Wednesday, November 11, 2009

This Veterans Day.

Is unlike any other that I can think of. The Ft Hood massacre will go down in history as one of the most horrific crimes committed on a military base in this country.After watching the gut wrenching "final roll call" and the Presidents eulogy for those who lost their lives, I was reminded of what many feel is their duty to serve this country in a all volunteer army. Is it the bad economy or patriotism?

And while the President decides whether to ship off as many as 34,000 more troops to Afghanistan, Beacon Hill has passed and awaits Deval's signature, a bill that expands benefits to veterans. Expanded Welcome Home Bonus, substituting relevant experience for state certification requirements, preferences for disabled veterans who own businesses. The bill also makes it easier for vets to cast absentee ballots and the building of group homes for vets. Soldiers will also go through neuropsychological testing before and after tours of duty. The bill also establishes a "Massachusetts medal of Liberty" to be awarded to those families who have lost a soldier killed in action.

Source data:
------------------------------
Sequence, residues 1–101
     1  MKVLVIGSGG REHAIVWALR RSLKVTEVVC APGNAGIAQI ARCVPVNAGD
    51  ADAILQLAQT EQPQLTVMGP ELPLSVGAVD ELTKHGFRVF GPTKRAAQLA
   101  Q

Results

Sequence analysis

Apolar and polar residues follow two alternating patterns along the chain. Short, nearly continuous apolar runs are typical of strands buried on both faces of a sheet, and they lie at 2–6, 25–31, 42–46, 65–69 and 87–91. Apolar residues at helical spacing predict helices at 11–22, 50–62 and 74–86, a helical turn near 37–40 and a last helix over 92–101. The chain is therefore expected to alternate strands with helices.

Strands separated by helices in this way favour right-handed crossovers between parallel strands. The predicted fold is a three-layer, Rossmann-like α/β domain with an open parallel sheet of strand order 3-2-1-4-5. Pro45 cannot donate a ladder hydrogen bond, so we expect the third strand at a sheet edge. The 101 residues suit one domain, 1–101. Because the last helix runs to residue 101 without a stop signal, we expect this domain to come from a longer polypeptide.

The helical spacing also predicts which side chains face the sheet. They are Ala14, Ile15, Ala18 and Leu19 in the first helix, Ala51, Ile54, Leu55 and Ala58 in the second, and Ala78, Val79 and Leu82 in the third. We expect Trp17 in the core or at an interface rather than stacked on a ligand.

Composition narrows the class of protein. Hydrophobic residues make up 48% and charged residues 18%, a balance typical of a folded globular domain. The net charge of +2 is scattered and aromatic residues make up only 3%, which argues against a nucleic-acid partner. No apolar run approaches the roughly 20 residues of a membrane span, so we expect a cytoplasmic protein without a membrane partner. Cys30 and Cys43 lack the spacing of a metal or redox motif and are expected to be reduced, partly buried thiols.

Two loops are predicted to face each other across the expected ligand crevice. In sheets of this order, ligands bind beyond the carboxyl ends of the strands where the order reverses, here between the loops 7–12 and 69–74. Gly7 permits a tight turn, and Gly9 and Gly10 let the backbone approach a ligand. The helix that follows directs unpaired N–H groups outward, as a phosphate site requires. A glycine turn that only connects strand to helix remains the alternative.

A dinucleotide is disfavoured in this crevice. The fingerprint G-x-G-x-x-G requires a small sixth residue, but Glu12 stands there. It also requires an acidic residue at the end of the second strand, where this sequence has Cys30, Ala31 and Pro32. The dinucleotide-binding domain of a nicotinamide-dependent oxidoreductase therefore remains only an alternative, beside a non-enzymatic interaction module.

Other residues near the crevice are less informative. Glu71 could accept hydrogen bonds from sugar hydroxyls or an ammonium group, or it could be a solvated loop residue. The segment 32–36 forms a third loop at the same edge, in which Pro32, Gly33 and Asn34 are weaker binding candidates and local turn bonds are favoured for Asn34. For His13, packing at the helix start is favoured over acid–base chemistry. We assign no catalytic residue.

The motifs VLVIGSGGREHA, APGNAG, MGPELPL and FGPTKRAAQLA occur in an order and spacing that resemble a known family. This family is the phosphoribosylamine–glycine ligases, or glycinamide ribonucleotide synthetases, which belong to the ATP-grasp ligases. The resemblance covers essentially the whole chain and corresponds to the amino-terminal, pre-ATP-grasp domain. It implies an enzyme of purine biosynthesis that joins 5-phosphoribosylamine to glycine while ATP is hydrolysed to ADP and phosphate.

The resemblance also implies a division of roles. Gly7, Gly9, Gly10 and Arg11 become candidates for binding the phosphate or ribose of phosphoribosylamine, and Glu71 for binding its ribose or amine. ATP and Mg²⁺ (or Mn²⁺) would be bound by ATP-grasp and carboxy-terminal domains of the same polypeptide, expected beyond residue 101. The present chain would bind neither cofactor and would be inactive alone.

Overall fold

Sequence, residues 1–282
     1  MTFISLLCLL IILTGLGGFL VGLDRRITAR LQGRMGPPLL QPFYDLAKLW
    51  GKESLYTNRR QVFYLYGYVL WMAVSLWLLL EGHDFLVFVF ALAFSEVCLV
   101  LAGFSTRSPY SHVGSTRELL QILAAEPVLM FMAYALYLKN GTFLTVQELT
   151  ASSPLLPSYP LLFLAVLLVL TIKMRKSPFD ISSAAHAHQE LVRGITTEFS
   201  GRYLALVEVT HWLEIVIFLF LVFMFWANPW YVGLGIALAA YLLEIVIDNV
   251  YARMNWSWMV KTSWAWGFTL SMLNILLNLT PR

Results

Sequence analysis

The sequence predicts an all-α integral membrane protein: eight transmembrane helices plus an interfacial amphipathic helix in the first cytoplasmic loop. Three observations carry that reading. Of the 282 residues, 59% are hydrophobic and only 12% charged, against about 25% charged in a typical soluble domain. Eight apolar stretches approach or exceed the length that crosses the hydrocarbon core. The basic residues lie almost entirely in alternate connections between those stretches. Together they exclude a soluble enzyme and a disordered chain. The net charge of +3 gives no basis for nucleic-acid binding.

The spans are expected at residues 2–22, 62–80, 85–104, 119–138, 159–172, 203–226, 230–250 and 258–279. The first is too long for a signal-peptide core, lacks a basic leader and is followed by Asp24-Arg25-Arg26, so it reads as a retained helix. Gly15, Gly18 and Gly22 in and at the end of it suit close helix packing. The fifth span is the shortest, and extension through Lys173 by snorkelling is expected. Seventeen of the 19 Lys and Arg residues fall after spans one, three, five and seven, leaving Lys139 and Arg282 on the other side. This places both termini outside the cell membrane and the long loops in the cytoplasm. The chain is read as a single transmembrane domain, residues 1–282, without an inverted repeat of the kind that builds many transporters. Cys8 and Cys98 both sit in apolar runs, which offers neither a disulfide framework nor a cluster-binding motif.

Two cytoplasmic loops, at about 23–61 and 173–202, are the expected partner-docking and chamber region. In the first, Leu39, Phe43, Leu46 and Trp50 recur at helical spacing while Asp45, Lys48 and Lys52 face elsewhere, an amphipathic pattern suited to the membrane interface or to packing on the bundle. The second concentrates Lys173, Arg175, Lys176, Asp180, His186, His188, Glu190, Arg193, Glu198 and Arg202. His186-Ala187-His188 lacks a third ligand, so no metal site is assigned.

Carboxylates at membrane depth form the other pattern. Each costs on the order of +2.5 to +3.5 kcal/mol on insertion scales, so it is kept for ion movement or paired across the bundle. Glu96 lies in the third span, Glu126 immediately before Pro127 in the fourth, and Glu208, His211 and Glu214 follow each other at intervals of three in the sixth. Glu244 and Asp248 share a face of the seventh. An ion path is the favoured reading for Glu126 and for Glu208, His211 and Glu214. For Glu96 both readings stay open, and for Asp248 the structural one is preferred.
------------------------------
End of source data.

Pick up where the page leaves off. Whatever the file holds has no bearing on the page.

All well and good and about time. But there are seriuos deficits on how we treat our vets and while one in three homeless people are vets, so many others have never gotten the respect or help they were once promised by both State and Federal governments. I wonder how many young people realize that before going off to war. Last month, the recruiters announced that they have, for the first time in 37 years, met their recruitment objectives with volunteers, most of which graduated from high school.